Constitutional foundations, powerpoint

Constitutional Foundations
February 5, 2009
PS 426
Context for the Constitutional Convention
British Parliament
State legislatures
Continental Congress -- Articles of Confederation
Articles created a national unicameral legislature with
lawmaking power, with each state having one vote. Weak
internal procedures and structure. No executive branch or
national courts: states responsible for implementing laws.
Desire to strengthen the national government while
preventing majority tyranny. Separation of powers and
checks and balances.
The Basic Structure
Problem of representation:
large state/small state
Virginia Plan: strong national
government with
representation based on
New Jersey Plan: equal repr.
Connecticut Compromise:
bicameralism, Senate based
on equal representation,
House based on population.
CT as median voter.
Bicameralism — Does small state bias
in Senate make a difference today?
funding formulas
issues of interest to farmers and rural
people (guns, grazing rights)
do small states have a leadership
Impact on the electoral college.
Each chamber makes its own rules of
procedure, elects its own leaders.
Senate as a continuing body, House
newly constituted every two years.
Checks and Balances
Complete separation from executive
separate elections, separate fixed term length
no simultaneous service (prevents a parliamentarystyle system) for members of Congress and the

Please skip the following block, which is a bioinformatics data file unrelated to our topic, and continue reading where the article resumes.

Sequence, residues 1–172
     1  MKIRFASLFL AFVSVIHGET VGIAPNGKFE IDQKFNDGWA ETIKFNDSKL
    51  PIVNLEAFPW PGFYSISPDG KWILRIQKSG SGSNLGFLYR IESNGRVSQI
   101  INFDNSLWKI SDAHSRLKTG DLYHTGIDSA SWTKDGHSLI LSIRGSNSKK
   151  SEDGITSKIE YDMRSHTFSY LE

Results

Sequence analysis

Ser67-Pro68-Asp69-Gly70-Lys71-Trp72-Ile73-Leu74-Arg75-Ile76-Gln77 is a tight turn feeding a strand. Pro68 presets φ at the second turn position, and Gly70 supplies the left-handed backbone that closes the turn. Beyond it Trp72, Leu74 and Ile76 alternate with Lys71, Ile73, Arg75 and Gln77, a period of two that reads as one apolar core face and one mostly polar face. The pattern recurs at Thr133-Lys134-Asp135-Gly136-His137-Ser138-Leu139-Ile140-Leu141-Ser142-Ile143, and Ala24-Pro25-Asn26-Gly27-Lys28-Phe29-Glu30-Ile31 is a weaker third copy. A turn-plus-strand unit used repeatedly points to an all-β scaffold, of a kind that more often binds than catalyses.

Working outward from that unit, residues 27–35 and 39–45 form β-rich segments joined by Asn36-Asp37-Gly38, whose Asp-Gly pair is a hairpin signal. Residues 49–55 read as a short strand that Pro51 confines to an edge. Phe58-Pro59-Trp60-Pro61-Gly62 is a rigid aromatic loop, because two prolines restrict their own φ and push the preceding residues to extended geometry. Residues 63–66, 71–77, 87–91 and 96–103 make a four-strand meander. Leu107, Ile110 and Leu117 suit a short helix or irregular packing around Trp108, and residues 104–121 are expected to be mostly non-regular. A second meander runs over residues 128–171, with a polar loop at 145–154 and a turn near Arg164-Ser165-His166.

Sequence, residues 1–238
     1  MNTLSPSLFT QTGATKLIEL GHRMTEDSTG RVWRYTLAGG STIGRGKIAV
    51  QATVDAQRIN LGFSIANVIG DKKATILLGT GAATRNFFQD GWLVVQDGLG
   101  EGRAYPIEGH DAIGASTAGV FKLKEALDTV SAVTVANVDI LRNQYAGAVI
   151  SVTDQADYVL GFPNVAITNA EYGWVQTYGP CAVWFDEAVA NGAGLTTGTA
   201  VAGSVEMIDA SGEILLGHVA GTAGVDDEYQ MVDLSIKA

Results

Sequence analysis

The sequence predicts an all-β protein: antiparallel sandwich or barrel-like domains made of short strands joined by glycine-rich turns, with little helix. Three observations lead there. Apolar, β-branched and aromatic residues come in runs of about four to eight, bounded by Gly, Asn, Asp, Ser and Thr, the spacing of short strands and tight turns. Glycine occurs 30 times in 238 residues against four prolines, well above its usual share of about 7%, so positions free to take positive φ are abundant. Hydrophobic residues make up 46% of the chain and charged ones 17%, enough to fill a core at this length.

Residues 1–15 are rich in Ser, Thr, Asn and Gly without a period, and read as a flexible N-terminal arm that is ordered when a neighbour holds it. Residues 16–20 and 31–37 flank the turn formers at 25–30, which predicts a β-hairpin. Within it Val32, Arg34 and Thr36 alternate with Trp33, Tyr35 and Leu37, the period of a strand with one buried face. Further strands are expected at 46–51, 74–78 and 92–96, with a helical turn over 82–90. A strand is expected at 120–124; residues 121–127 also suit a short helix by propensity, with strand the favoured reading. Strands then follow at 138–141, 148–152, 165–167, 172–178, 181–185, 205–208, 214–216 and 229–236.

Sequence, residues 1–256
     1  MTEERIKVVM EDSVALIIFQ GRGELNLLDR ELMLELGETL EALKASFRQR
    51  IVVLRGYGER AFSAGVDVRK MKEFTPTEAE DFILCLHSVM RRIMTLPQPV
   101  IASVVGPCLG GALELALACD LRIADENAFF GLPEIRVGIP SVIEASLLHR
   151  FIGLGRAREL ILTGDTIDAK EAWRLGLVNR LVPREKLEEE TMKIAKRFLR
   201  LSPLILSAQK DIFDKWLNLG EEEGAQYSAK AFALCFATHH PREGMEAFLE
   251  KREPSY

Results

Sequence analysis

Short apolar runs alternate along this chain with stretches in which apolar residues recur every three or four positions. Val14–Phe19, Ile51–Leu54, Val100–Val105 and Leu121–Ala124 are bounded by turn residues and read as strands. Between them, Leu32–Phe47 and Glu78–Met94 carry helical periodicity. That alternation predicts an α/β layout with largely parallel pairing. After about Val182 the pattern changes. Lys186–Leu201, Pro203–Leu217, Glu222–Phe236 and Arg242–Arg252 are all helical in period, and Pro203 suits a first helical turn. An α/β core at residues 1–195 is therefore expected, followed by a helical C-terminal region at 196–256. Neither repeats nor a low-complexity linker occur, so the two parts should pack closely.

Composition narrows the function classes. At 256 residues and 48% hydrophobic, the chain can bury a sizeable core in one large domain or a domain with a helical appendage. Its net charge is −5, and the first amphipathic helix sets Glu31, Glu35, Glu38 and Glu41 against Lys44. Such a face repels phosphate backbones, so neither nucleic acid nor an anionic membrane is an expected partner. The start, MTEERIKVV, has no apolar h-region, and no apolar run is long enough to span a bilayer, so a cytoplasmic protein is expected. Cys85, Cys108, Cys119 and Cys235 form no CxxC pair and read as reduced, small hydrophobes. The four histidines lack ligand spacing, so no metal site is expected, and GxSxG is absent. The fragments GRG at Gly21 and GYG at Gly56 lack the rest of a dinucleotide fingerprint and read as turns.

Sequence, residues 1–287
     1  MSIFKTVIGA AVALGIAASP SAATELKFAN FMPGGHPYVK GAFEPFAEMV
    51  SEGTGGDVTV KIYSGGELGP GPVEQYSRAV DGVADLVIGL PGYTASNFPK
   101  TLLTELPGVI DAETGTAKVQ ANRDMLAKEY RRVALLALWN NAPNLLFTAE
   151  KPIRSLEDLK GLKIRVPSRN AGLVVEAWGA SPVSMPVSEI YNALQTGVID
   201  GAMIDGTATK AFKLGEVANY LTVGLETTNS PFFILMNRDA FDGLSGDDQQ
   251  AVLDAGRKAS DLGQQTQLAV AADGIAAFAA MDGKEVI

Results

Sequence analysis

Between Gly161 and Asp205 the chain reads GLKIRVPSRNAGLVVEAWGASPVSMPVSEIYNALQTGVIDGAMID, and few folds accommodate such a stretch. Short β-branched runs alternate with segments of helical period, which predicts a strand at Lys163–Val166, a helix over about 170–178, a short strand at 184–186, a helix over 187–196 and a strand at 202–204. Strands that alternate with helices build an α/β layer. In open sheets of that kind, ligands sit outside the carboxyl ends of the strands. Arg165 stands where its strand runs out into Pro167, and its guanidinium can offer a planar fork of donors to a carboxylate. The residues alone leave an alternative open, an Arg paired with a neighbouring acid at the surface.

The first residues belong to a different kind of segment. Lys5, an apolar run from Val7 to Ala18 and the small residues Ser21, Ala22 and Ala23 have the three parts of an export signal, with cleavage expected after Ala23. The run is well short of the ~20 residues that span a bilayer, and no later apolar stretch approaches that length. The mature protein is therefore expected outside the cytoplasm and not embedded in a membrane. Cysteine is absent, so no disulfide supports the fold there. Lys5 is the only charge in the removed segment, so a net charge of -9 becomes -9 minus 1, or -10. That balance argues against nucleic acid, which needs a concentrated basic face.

executive branch or courts. However, executive
branch members may serve on federal courts.
limited executive use of prosecutorial power against
Congress (immunity). William Jefferson case.
Check each other: impeachment power, legislative
veto and executive veto power.
Many were specific responses to Confederation
Congress’s problems.
Coin money, establish roads and post offices, grant
patents, create the court system, raise and support
armies, etc.
“Power of the purse” is central. Taxing and spending.
“regulate commerce . . . among the several states”
19th Century definition: Narrowly interpreted, inter-state/intrastate commerce.
Post-New Deal definition: broad, basis for Civil Rights Act of
1964 and many other laws. U.S. v. Lopez (1995) and United
States v. Morrison (2000) signify a new trend.
Implied powers
Elastic clause: “necessary and proper”
McCulloch vs. Maryland (1819).
Shared powers
judicial selection
confirmation of executive appointments
creating and funding executive branch agencies
foreign policy/defense; Congress declares war
and “raises and supports armies,” but President is
commander-in-chief. Senate ratify treaties.
In the original text of Constitution: no ex post facto laws,
bills of attainder, or grants of title of nobility.
The Bill of Rights and other constitutional provisions
serve as important checks on the scope of legislation:
examples of Federal laws struck down as unconstitutional:
original Federal Election Campaign Act (1976), anti-flag burning
law (1990), Line-Item Veto Law (1998), Religious Freedom
Restoration Act (1997), Violence Against Women Act (2000).
Separation of powers: “dual security” Other branches
and the states (veto power, judicial review and
federalism; good examples of the latter are education,
law enforcement, and election administration).